Nature of the Course Offerings in the Ph.D. Program

Students in the Ph.D. program may enroll for credit in all courses on the 6000 and 8000 level. If a course has only a 7000 component, you may take it at that level. You can find details on the content of each graduate course for the current semester in the department mini-catalog, which can be found on the graduate student homepage.


•    6000-level courses are open to both graduate students and advanced undergraduate students. These lecture/discussion courses usually survey an entire period. Graduate students will have separate reading and writing assignments. If you have taken a course at the 4000 level (undergraduate), or its equivalent, you cannot take it again at the 6000 level. Only six credits of 6000-level coursework from your M.A and 6 from your Ph.D. work may count toward the degree.

•    7000 and 8000-level courses are the same in content, meeting times, and usually similar in requirements, although more is expected of Ph.D. students. M.A. students register at the 7000 level and Ph.D. students at the 8000 level. If you have taken any of the courses described in the graduate catalog at the 7000 level, you may not take them again at the 8000 level, unless their content has completely changed; see graduate course descriptions. Courses on the 8000 level are open only to graduate students and are usually limited to a class size of 15 or fewer.

•    8000-level courses designated "Studies in...," "Thematic Studies in...," "Topics in History." These courses survey important scholarship on a specific period or topic. They are designed to familiarize students with leading scholarly interpretations. Class sessions are devoted to discussions of common readings, written critiques, and student presentations. Course content typically varies from term to term. You may take enroll in the same number course more than once as long as the topic is not repeated.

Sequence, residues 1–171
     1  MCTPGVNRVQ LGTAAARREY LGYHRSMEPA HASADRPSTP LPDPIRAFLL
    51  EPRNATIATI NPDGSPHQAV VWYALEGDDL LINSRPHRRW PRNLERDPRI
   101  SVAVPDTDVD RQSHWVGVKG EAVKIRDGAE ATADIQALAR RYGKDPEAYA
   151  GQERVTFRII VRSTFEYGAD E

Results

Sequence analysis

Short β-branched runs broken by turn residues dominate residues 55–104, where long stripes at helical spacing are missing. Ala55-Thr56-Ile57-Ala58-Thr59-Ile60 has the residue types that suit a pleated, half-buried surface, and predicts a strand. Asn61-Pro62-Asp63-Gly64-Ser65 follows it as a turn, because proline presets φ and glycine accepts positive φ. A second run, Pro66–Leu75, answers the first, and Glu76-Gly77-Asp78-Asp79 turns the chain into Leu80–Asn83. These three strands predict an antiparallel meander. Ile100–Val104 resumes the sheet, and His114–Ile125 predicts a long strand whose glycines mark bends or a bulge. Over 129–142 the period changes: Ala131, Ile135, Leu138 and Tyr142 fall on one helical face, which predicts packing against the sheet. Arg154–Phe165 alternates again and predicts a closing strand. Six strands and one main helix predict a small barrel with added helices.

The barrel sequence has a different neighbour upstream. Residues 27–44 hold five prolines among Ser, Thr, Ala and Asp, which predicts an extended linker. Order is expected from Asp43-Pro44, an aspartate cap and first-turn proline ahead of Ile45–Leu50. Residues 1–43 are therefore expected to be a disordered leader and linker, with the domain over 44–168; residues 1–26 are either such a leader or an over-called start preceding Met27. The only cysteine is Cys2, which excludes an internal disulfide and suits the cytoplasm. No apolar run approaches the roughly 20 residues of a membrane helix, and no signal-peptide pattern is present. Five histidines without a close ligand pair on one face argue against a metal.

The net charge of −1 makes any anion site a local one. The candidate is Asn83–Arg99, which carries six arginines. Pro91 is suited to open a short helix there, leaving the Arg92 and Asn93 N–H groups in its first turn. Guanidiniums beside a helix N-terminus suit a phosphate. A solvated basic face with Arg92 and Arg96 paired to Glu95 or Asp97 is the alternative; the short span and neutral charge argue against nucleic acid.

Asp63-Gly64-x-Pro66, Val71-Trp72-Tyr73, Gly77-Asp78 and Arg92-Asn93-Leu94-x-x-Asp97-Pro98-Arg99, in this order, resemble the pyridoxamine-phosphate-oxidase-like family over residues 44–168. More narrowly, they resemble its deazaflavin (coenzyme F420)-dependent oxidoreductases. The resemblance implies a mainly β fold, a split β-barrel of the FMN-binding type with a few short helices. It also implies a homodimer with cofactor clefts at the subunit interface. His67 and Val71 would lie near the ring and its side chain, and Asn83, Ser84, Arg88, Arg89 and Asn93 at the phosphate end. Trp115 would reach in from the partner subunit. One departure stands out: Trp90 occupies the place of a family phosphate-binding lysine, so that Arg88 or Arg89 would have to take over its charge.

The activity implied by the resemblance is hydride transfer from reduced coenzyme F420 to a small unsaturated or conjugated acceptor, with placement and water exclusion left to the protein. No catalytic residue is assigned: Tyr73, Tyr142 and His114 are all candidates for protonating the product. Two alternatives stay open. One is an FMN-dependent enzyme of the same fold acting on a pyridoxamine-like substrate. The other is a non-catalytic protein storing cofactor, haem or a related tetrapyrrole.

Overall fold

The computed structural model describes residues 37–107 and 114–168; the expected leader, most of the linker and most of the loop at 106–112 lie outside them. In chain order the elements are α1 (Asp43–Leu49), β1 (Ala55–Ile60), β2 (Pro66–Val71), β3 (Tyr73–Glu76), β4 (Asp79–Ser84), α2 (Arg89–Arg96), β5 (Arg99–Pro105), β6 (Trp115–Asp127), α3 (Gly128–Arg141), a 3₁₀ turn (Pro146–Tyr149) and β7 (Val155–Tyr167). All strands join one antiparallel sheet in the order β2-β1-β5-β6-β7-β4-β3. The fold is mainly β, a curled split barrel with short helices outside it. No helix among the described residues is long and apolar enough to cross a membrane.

•    8000-level with “historiography” in their title are designed to give broad coverage of the important scholarship in an entire field. All Ph.D. students must take at least one of these in their major field. You are encouraged to take historiography courses in your other fields as well, and your field advisors may require you to do so. We regularly offer historiography courses in U.S history before 1877, U.S history after 1877, African American history, modern European history, Global History, and Egyptian history. Historiography courses in other fields may be available occasionally.

•    History 8012 is a directed readings course taken individually with a professor. These courses allow students to explore areas of interest not offered as a regular class, to fill in gaps in knowledge, or to investigate possibilities for a thesis topic. Taking this course requires the express agreement of the professor who will direct it; no one has the right to a directed readings course. You must file a directed readings registration form with the department office prior to enrolling. Ph.D. candidates normally may enroll for no more than 6 hours of directed readings. You may, however, petition the Director of Graduate Studies for permission to take up to an additional 6 hours, for a total of 12 hours. It is our policy not to approve readings courses if you are able to attend a class that covers the same or similar general topics.

•    8070 Research Seminars emphasize research using primary materials. Students will produce original and substantial research papers. All Ph.D. students must take at least one 8070 seminar.

•    History 8990, Reading for and Writing Comprehensives is taken at the end of your coursework. This course allows you to undertake intensive individual study for the comprehensive exam and/or to write the exam. You must take three credits of 8990 in each field for a total of 9 credits of 8990 that count toward the degree.

•    History 8991, Independent Readings, is an individualized readings course for students preparing for comprehensive examinations. Credit is not applicable to the degree. Normally only assistants take this. It can be taken at any stage of your program. You need to fill out a form to register for this class. Get it here (pdf).

•    History 8025 (Principles & Practices in History Education) is a rigorous readings course exploring approaches to the teaching of history. Highly recommended for all graduate students. Required for graduate students prior to their first semester teaching their own course.

•    History 9000 is the course number assigned for dissertation credit. You must take a total of 12 dissertation credits before you can qualify for the Ph.D. degree. You may take as many dissertation credits as you like, but only 12 will count toward degree requirements. You must contact the Director of Graduate Studies before enrolling for dissertation credits.